New Jersey’s Department of Exxon Protection

On the surface, today’s New Jersey Assembly Budget Committee hearing on the Department of Environmental Protection seemed boring and unproductive, even by Trenton Standards. NJ DEP Commissioner Bob Martin refused to answer questions about the Exxon giveaway settlement but did spout out a lot of statistics about specific remediation projects, allocation of money, and the high-level plans for the Department.

Questions from panel members included the status of in-district projects and where some of the funds are going, but Martin referred any questions on the Exxon deal to the Attorney General and the Treasurer.

It’s no secret that Chris Christie has been hostile to the environment throughout his reign, so the comments from Jeff Tittel, New Jersey Sierra Club Director, should come as no surprise.

Let’s Drink to a Victory for Clean Water

The New Jersey Sierra Club is reporting that the Pinelands Commission has rejected the proposal to build a natural gas pipeline through the ecologically sensitive region spanning parts of seven counties in South Jersey.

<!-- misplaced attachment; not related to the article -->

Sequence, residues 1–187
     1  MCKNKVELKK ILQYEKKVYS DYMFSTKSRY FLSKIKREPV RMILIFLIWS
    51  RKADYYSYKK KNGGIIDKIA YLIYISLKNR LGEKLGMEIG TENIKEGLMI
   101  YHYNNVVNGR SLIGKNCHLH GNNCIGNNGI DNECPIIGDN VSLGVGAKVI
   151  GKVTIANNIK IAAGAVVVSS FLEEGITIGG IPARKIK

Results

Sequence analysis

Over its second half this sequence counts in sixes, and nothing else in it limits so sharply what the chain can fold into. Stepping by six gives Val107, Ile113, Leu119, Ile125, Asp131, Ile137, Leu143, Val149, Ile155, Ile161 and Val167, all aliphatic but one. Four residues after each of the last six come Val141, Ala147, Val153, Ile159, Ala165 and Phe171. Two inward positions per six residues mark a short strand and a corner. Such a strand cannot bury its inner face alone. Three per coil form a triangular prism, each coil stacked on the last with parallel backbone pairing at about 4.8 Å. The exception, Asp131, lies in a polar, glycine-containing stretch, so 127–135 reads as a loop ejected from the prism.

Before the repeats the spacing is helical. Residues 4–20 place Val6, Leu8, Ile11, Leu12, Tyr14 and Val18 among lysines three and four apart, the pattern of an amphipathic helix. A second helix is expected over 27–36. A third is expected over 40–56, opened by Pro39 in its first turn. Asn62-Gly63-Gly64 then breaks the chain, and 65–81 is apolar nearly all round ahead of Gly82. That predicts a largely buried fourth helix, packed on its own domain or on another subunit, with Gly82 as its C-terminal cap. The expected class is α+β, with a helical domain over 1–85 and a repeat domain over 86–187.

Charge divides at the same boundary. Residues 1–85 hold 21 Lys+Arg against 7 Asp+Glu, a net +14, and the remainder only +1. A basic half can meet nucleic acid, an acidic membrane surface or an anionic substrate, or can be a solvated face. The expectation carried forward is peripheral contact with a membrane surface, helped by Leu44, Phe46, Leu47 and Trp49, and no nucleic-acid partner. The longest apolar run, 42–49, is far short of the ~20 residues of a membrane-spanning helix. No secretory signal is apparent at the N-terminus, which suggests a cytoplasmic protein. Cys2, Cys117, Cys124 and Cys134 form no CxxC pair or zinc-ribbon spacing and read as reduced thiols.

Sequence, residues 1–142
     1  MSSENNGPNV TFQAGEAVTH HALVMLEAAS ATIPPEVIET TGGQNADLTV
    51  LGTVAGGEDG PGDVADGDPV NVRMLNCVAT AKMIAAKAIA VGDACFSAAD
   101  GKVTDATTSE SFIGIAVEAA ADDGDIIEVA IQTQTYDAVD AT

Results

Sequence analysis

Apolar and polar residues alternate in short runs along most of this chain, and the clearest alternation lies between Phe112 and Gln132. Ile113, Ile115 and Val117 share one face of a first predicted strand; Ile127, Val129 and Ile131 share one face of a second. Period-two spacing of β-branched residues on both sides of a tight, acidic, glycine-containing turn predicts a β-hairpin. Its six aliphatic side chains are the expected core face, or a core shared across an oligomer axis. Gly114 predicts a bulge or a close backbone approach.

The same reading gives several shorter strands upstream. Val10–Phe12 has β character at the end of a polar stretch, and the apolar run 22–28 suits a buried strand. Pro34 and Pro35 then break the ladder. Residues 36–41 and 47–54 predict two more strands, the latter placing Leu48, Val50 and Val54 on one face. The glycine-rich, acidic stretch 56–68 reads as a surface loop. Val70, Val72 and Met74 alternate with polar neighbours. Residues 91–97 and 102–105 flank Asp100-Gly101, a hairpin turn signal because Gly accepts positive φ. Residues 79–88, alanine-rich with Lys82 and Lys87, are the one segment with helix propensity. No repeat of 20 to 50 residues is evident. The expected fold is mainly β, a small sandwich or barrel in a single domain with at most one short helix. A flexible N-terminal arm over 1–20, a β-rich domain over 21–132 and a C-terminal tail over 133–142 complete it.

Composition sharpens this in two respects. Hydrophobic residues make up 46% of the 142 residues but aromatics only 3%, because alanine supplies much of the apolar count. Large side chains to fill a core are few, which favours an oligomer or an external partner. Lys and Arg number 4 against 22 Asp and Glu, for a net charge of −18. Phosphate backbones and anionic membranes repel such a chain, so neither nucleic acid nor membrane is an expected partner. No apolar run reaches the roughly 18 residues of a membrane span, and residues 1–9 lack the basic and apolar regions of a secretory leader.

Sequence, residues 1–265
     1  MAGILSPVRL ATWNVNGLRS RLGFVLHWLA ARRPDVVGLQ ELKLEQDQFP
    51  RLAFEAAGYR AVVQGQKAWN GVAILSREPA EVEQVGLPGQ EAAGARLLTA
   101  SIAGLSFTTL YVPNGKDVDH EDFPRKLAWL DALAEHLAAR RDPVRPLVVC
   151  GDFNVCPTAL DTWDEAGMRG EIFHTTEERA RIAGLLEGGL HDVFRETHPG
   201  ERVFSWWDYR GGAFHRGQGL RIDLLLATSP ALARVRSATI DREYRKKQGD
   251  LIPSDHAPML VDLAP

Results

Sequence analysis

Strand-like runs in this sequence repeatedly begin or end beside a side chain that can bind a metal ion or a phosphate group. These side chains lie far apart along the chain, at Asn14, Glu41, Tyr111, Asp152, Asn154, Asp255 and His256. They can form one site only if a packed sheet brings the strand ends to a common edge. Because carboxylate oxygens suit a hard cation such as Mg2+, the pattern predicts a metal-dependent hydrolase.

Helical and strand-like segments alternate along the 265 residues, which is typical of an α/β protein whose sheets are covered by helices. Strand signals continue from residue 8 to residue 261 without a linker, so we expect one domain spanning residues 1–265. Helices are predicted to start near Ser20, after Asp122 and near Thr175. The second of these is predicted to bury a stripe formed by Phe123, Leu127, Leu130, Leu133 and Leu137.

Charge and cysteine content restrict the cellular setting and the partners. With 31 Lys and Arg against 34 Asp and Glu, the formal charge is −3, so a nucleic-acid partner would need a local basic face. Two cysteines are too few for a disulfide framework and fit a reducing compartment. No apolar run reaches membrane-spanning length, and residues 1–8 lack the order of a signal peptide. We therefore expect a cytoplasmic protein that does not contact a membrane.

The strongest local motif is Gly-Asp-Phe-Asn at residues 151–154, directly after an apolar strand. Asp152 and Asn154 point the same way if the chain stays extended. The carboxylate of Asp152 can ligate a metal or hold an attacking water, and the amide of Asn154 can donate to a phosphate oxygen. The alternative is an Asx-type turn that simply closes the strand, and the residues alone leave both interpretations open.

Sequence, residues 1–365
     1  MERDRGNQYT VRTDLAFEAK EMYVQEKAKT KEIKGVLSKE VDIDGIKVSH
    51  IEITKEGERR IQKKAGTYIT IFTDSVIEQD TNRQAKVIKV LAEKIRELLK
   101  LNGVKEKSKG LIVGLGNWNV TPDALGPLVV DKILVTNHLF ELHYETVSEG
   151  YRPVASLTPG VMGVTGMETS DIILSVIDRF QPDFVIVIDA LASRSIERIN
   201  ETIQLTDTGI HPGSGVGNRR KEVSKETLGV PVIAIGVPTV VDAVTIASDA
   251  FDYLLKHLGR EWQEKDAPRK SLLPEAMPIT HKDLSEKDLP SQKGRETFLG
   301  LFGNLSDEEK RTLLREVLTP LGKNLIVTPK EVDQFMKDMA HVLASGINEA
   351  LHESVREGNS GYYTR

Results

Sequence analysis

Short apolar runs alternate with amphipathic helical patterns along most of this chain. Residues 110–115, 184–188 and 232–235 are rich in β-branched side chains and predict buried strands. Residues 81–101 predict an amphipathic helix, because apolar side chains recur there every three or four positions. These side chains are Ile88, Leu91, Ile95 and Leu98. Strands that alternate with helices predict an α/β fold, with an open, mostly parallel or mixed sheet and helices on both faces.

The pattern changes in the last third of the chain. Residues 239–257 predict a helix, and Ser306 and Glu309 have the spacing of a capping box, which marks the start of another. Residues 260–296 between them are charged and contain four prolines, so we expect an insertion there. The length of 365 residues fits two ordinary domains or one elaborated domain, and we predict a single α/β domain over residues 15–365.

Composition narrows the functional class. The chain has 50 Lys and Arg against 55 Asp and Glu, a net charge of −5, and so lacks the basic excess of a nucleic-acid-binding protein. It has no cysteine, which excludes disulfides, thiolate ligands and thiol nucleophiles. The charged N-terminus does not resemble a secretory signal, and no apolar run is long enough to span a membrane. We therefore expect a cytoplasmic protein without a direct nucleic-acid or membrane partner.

While the battle to maintain clean air and water continues in New Jersey under a pollution-friendly Governor, this small victory is a welcome one.

Industry and residences have a voracious appetite for energy here and in other states. We need to invest in projects that feed this appetite while promoting conservation. But the long-term payoff for this investment must consider the total cost of ownership including the burden on taxpayers for clean up of spills and other residual pollution. That’s where wind, solar, and geothermal power sources, along with distributed generation and smart grids will help us meet our energy needs.

The Sierra Club’s press release is below the fold.